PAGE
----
“Sometimes something is so absurd that it can be nothing but the truth.”
Kalen huffed a laugh. It was evasion at its best, and it told him more than he suspected the other man wanted him to learn. Marist had seen the sigil before, which put the young man in a role of power. As the Rift King, his role in the ongoing disputes between the Kingdoms was one that most didn’t like to think about.
Bully. Enforcer. Violent mediator. Monster needing to be caged.
That meant that while people were aware that a Rift King existed, few could recognize the mark or what his real role was. He’d heard some of the rumors about himself. Some of them were even accurate, but he didn’t have a taste for human flesh, despite common belief. After seeing so many dead men, he didn’t even like meat all that much anymore, not that meat was plentiful within the Rift.
He also didn’t share his bed with any of his horses, although he had to chase his stallion out of his study whenever the handlers didn’t manage to secure Ferethian’s stall door. It didn’t help that the small stallion was as clever as he was stubborn.
A surge of loneliness tightened his chest. Ferethian, Honey, and the rest of his herd was fine. If any one of them died, he’d know, just as he had known when Tavener had died so many years before.
Kalen stretched to hide the nature of his grimace.
“What would happen if you died here in Kelsh?” Derac asked him in a whisper.
Kalen pressed his lips together. It was an answer Derac wouldn’t like. He knew it, but gave it anyway. “They’d Ride.”
“I don’t understand.”
“You don’t want to know.” That much was the truth. It made him glad that he couldn’t hear the song of the ancestors like some could, but he’d been told even they stilled at the very mention of the Ride.
Marist rejoined them. “We can use the well in the back to clean off. They only had a few free rooms so some of us will have to share.”
“We’ll deal with it,” Derac said. “But first, time to get this filth off.”
Kalen nodded his agreement. The mud that wasn’t dried was sticky, and the mud that had dried cracked and pulled at his skin. The naked dagger bounced against the side of his leg with each step. While he had managed to slip the blade through one of the corded loops attached to his belt, it wasn’t the same as having a proper weapon at his side.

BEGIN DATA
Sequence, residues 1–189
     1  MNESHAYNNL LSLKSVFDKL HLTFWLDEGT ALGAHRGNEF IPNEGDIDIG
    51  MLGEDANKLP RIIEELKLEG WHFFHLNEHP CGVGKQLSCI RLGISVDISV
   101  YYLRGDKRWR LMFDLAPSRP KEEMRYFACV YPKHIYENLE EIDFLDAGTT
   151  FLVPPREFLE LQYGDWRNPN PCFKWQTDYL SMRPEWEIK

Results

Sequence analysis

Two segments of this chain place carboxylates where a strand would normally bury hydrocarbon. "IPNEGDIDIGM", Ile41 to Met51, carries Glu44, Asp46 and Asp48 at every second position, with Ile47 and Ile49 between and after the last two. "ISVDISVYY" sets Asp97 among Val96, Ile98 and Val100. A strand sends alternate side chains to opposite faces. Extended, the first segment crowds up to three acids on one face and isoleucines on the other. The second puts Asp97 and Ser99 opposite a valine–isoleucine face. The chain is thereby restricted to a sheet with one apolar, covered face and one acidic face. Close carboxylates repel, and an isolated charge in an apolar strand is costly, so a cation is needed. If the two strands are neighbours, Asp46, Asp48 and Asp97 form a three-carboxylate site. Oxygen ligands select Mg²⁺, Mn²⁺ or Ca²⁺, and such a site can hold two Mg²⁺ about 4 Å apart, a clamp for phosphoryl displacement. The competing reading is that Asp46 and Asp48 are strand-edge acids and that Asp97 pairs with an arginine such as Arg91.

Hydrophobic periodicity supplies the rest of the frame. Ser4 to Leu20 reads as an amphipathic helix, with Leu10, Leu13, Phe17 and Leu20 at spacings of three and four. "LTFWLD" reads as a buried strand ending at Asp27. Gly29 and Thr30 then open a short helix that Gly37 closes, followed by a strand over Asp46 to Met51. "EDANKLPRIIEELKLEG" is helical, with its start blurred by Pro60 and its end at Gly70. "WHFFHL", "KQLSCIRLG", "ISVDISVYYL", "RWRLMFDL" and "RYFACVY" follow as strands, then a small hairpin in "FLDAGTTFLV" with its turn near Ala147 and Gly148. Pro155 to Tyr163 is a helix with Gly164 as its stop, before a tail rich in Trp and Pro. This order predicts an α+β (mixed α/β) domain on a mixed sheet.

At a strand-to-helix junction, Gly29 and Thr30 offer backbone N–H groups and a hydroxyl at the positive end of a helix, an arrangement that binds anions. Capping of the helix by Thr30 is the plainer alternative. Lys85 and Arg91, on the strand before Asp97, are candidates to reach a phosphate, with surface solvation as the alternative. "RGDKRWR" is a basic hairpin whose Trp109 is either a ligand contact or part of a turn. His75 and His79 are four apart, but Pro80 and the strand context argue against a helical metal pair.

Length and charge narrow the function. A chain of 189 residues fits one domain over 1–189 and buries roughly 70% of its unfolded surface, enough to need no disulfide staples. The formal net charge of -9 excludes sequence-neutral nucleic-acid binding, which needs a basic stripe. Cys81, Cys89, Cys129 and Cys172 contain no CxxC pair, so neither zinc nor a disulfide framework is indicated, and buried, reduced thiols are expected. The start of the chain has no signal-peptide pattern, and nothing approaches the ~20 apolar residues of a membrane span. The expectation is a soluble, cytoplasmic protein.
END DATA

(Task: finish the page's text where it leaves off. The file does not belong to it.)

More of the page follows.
Maybe it was a good thing he’d lost his boots. At least he wouldn’t have to clean them. Marist led them around the building to a covered stone well ringed by trees. Kalen limped after them and watched as Derac and Marist went to work hauling buckets of water from the depths.
The other three, still nameless and refused to speak or look at him in the eye, helped at pulling up water. They didn’t ask for his help and Kalen didn’t volunteer.
Kalen’s throne is his saddle, his crown is the dirt on his brow, and his right to rule is sealed in the blood that stains his hand. Few know the truth about the one-armed Rift King, and he prefers it that way. When people get too close to him, they either betray him or die. The Rift he rules cares nothing for the weak. More often than not, even the strong fail to survive.
When he’s abducted, his disappearance threatens to destroy his home, his people, and start a hopeless and bloody war. There are many who desire his death, and few who hope for his survival. With peace in the Six Kingdoms quickly crumbling, it falls on him to try to stop the conflict swiftly taking the entire continent by storm.
But something even more terrifying than the machinations of men has returned to the lands: The skreed. They haven’t been seen for a thousand years, and even the true power of the Rift King might not be enough to save his people — and the world — from destruction.
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Genre – Fantasy
Rating – PG – 13
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